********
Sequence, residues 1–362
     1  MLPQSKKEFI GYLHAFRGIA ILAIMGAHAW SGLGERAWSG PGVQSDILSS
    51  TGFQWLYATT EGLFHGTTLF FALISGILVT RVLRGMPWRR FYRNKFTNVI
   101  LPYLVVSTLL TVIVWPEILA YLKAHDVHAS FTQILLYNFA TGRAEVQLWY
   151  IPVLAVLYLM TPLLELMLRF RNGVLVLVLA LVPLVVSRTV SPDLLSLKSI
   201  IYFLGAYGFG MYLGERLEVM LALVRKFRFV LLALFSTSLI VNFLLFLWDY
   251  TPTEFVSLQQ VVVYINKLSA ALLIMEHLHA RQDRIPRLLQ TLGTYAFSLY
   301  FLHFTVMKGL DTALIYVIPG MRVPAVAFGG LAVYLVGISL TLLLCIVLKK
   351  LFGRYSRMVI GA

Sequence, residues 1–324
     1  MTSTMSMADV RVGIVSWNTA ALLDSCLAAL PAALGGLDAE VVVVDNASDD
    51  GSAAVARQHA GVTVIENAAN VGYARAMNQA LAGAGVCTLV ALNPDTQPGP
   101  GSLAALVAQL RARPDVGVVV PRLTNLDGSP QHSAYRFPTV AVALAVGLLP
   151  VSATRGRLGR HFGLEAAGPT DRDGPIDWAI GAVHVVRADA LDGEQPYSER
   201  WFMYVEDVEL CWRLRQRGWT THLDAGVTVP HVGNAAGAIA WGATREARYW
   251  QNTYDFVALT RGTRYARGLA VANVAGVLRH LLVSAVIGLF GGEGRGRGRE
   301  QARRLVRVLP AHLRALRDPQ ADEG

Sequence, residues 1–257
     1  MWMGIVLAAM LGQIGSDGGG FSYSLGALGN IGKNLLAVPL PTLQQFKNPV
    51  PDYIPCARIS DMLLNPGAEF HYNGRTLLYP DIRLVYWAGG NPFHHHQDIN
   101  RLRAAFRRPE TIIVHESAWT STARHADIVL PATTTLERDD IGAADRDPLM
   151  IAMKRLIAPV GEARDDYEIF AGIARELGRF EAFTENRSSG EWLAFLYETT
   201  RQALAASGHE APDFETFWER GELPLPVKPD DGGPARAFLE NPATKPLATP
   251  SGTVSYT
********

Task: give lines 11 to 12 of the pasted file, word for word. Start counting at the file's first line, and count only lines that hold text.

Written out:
     1  MTSTMSMADV RVGIVSWNTA ALLDSCLAAL PAALGGLDAE VVVVDNASDD
    51  GSAAVARQHA GVTVIENAAN VGYARAMNQA LAGAGVCTLV ALNPDTQPGP